It’s Giving Season! Taking Stock of Fundraising Best Practices
November 11, 2022
As we approach Giving Tuesday and year-end giving season, nonprofits should review their fundraising practices to maximize giving and ensure legal compliance. Questions nonprofits should consider include:
- Is your organization registered to solicit donations in all states where it is required?
Most organizations now accept donations on their websites. This could trigger charitable solicitation laws in states where you have donors. The penalties for noncompliance with state charitable solicitation laws can be steep, so be sure you know where your donors live and what their home states require.
- Does your organization use professional fundraisers?
Like charitable solicitation, most states regulate the use of professional fundraisers. It’s important to know what is required before utilizing such services.
- Does your organization collaborate with for-profits on cause-related marketing or commercial co-ventures?
These arrangements can be very beneficial to nonprofits and their for-profit partners, but they must comply with state laws, which vary from state to state, and federal laws that prohibit private benefit and private inurement.
- Does your organization receive qualified sponsorship payments?
Qualified sponsorship payments are payments made to nonprofits, typically by for-profit companies, with no expectation of a substantial return benefit. Acknowledging a donation using the for-profit’s name or logo is allowed but providing any greater benefit could be considered advertising and result in the payment being treated as unrelated business income.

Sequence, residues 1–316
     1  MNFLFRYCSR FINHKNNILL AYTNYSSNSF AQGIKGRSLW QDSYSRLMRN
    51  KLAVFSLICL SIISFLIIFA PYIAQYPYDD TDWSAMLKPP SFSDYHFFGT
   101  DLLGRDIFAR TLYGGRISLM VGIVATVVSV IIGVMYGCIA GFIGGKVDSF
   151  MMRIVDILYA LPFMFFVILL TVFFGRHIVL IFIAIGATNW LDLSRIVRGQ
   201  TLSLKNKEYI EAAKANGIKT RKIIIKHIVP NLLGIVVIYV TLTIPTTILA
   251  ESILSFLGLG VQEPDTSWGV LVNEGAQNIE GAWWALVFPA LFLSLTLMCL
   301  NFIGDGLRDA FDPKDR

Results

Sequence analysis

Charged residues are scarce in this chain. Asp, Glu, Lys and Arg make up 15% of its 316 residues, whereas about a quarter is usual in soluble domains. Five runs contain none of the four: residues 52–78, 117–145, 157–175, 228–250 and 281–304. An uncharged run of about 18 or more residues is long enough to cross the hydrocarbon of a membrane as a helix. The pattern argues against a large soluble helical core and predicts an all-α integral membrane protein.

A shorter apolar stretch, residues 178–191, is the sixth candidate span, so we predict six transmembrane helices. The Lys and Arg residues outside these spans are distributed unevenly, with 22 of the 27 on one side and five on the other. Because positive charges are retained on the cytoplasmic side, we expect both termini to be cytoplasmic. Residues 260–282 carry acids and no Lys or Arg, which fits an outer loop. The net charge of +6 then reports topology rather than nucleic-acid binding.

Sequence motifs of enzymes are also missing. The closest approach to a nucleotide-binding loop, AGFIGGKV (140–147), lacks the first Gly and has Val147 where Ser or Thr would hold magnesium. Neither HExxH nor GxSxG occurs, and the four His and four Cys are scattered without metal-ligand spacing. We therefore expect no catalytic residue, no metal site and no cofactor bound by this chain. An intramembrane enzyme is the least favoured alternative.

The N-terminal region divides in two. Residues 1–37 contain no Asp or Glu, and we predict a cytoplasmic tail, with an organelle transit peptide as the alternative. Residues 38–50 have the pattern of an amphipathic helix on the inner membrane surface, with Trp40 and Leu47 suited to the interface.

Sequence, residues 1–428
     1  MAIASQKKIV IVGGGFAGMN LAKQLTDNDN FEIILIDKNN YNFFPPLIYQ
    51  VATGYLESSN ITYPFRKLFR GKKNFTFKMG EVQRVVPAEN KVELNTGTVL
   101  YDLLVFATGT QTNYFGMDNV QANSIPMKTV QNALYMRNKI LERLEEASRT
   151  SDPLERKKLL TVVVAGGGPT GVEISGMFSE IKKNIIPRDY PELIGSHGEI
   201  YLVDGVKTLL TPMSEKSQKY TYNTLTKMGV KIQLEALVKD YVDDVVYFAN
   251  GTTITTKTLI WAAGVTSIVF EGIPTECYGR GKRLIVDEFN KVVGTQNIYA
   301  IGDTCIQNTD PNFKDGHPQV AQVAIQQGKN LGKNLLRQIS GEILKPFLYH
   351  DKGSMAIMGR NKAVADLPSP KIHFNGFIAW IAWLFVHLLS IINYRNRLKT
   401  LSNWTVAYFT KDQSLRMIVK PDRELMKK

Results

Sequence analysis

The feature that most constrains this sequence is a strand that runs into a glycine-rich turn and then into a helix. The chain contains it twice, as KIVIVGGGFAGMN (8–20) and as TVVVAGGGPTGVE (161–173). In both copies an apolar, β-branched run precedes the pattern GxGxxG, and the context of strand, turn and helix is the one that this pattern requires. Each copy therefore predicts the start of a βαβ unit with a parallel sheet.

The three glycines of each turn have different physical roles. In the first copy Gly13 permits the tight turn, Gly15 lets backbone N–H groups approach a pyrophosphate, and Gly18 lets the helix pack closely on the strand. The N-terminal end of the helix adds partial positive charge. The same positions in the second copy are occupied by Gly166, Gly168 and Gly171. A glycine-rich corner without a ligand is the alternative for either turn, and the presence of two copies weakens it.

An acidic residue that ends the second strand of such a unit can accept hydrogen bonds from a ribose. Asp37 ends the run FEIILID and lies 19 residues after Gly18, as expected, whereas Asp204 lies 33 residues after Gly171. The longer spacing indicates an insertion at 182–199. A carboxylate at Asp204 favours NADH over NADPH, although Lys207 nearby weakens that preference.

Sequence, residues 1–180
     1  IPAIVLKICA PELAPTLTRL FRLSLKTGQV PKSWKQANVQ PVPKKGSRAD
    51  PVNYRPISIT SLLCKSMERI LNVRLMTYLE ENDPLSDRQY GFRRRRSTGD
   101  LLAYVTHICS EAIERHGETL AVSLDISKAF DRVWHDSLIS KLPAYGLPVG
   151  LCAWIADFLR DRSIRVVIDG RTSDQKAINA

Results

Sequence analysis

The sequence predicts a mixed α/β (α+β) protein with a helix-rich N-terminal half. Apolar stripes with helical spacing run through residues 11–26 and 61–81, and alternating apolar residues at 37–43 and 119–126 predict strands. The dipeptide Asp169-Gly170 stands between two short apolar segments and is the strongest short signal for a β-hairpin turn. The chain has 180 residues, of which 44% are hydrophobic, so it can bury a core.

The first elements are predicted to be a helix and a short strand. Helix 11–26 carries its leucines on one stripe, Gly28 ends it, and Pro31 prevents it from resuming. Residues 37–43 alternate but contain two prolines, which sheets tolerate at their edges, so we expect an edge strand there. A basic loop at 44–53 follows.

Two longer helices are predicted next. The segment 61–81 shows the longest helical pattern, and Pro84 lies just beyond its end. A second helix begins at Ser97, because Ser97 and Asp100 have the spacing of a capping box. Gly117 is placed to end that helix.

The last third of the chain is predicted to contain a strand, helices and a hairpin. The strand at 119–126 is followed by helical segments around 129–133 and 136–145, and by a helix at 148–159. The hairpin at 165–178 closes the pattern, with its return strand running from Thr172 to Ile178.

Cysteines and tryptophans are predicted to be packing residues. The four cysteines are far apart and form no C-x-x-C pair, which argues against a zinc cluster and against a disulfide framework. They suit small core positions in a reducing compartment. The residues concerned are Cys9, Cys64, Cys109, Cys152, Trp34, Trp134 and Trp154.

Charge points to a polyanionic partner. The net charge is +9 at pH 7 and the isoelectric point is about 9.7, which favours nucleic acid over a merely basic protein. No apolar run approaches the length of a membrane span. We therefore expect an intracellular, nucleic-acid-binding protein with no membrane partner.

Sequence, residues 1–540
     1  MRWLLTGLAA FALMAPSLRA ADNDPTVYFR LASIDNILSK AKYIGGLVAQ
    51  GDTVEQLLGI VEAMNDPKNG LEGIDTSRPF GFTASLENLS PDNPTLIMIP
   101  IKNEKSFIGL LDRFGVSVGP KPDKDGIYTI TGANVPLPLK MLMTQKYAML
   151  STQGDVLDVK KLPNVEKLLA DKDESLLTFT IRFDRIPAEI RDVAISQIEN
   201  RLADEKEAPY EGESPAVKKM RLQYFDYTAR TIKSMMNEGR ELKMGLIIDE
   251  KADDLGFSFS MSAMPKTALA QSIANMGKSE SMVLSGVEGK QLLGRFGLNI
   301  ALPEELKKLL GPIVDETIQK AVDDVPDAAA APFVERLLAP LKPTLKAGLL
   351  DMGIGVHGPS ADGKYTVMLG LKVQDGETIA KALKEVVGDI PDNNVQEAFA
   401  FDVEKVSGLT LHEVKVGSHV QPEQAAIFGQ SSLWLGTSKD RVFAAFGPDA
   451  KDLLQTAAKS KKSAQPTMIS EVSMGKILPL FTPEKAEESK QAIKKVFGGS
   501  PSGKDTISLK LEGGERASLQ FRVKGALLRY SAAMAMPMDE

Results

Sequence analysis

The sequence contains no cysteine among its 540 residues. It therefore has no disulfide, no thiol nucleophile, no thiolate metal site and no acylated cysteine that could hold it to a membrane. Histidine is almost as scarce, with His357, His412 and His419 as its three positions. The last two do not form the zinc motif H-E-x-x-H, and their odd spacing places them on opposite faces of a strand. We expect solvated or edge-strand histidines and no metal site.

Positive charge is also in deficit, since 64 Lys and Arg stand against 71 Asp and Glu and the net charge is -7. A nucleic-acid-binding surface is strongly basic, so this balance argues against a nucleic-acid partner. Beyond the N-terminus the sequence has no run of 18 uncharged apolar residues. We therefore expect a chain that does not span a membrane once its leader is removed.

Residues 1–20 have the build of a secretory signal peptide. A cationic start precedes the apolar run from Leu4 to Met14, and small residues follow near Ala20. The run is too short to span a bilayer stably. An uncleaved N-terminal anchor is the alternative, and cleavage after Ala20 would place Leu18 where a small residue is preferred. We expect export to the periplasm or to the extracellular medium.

- Does your organization provide receipts to donors acknowledging their contributions?
The IRS requires organizations to acknowledge donations of $250 or more, but it is a best practice to acknowledge all donations. This can be done with each donation or at year-end with a letter acknowledging all donations made throughout the year. The letter should include the name or your organization, your EIN, the dollar amount and date of each cash contribution, a description of any noncash contribution, and a statement that the gift (all or a portion) is tax-deductible and, for any portion that is not tax-deductible, a description and the value of any goods and services provided in exchange for the donation.
- Does your organization have a gift acceptance policy?
It’s important to know in advance what types of gifts your organization will accept and how you will respond if you receive an unusual gift. Some gifts may not fall within your organization’s stated values (such as certain gifts of stock) and others may give rise to legal obligations that make accepting the gift impractical (such as real property and cars). Answering these questions in advance will ensure your organization is prepared in the event of such a gift.